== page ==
information Av
antGo sends in the HTTP GET header (discussed in the ColdFusion

10

Application Development section) it seemed unnecessary to me to include any URL
variables.


Determining the Channel size was a little more trial and error, since as the application
and the si
ze of its related graphics files grew, so did the size of the Channel. While the
current maximum size of the site is well under the 1024KB listed here, I left some
headroom for the channel to grow as additional content is added through the Database.


Perha
ps the most interesting configuration attribute is ‘Link Depth’.
AvantGo extracts
content from a web server by following HTML links in a series of HTTP GETs. This is
often re
ferred to as ‘s
pidering’. Link Depth tells the AvantGo servers how many layers of

pages to traverse to collect its p
ages, as illustrated in Figure 3
, from AvantGo’s
Developer’s Manual.



Figure
3

-

AvantGo Link Depth


As the application site grew in complexity, this attribute had to occasionally tweaked to
ens
ure that all the content and all the links migrated properly from the application server
to the AvantGo Website.


While not particularly applicable to the development of a prototype, AvantGo also has
attributes that affect how their servers cache your info
rmation. Additionally, there are
HTML META tags that can be added to content to refine the caching scheme. During
development, I found it useful to leave the setting at
‘on every sync’ since content w
as
changing frequently. Figure 4

shows this portion of
the Channel configuration. As the
content stabilized, this setting was moved to its current setting.



11


Figure
4

Avantgo Channel Caching



4.2.2

AvantGo Functionality


AvantGo provides ve
ry interesting functionality for
channel bui
lding.




HTML Compression



Graphics Conversion



PDA Configuration Transmission



Multi
-
platform support



4.2.2.1 HTML Compression


AvantGo helps to reduce the memory footprint on PDAs by compressing the HTML it
receives from content web servers. It does this i
n a number of ways, but a primary way
this is achieved is by discarding any HTML tag or attribute that it does not support.



4.2.2.2 Graphics Format Conversion


AvantGo is capable of converting graphics formats on
-
the
-
fly. Since the server knows the
grap
hical capabilities of the PDA requesting the content, it ca
n
, for example,
convert
from color to gra
yscale

and from 8 bit to 4 bit on the fly. This means that should a
developer choose, they could develop a site with only one set of graphics and could let
the AvantGo servers convert the graphics for them. I chose not to give up this rendering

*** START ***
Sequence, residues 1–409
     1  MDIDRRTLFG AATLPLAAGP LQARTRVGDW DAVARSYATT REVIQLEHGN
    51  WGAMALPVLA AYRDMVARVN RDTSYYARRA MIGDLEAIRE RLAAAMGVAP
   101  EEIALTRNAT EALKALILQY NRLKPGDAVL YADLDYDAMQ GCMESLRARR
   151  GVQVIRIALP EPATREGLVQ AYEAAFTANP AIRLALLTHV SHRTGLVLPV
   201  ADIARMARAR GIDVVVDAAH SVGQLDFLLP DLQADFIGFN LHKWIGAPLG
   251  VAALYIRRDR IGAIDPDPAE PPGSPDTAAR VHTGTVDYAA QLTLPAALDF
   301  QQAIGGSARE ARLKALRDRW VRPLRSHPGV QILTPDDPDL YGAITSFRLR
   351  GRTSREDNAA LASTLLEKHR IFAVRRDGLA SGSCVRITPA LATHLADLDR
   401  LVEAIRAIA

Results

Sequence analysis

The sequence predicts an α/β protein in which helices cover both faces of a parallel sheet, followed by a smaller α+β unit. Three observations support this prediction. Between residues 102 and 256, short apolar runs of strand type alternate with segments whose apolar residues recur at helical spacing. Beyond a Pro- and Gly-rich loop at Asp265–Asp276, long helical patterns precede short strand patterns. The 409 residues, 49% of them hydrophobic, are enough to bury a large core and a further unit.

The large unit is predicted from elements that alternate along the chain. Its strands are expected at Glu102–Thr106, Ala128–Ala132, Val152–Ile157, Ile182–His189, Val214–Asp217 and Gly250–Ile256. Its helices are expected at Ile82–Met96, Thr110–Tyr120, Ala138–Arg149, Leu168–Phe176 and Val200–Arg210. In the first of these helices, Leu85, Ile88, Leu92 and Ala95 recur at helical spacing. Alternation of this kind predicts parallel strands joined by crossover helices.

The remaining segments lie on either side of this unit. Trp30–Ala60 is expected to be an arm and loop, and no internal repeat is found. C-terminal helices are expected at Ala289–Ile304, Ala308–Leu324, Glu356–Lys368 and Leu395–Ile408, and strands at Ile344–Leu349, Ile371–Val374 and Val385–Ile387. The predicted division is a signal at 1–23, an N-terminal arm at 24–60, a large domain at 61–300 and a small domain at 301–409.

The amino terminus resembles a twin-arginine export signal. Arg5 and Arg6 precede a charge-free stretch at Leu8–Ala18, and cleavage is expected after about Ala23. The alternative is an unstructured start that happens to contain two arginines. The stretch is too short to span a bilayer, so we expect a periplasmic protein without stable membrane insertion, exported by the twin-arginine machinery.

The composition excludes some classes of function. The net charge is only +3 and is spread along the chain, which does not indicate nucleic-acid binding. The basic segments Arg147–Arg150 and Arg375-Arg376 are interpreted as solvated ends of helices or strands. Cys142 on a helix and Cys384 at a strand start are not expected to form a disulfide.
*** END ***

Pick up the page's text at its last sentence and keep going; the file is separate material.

control, and chose to implement separate graphics directories for differing formats and
resolutions.



12

The AvantGo does not
resize graphic image
, however.
In a related

note,
image
HEIGHT

and
WIDTH IMG

HTML attributes that are not even supported. Additionally, AvantGo
will not download a graphic larger than the maximum resolution the browser can support.


4.2.2.3 PDA Configuration Transmission


When sending HTTP GETs to
the hosting web server requesting content,
the AvantGo
server

sends along information in the HTTPHEADER that describe many attributes of the
requesting device. This allows the developer, should they choose, to customize the
returned con
tent. A

partial

list

of attributes is shown in
Figure 5
.



Figure
5

-

AvantGo HTTP Header Fields


It seems odd to me that AvantGo chose to Base64 encode information like ColorDepth,
DeviceOS and Screensize, since the values in
-
and
-
of
-
themselves conta
in no meaningful
personal information. The key pieces of information that I used in developing my
application were Screensize and ColorDepth. Since I chose to make the application
platform
-
neutral, this meant that any differing capacities offered by differ
ent OS
platforms needed to be ignored.



4.2.2.4 Multi
-
Platform support


Currently supported devices are:


13

1.

Palm OS

2.

Pocket PC

3.

Windows CE

4.

Symbian OS (Nokia cell phones)

5.

RIM Blackberry (Blackberry devices)


Even though this application was developed primarily
for Palm OS and Windows CE
devices, it is exciting to realize that AvantGo is capable of delivering more. Porting this
application to Symbian cell phone or a Blackberry device is relatively simple. All that is
needed is to evaluate the graphic capacities o
f these devices and either map existing
graphics directories or create a new directory with graphical elements.



4.3

Database development


The realization that I was going to need a database to support this application came
during the development process
when I realized that there was just too much data to
organize and
manage through a completely static HTML site. Because of this late
realization
, I
chose to develop the prototype database in Microsoft Access 97, for no
reason other than it was available to

me and I had some experience with it.



4.3
.1
Data relationship tools


Starti
ng with the initial requirement

that there needed to be information about Buildings,
Departments, Services, and Points of Interest as well as maps to provide a visual
component o
f the tour, the following schema developed. The application DeZign for
Database V3 by Datanamic was used to do the early visual schema development. This
application was then able to forward engineer the database and all its constraints to
Access

97
.

I wou
ld not recommend Access 97 for a production environment, but would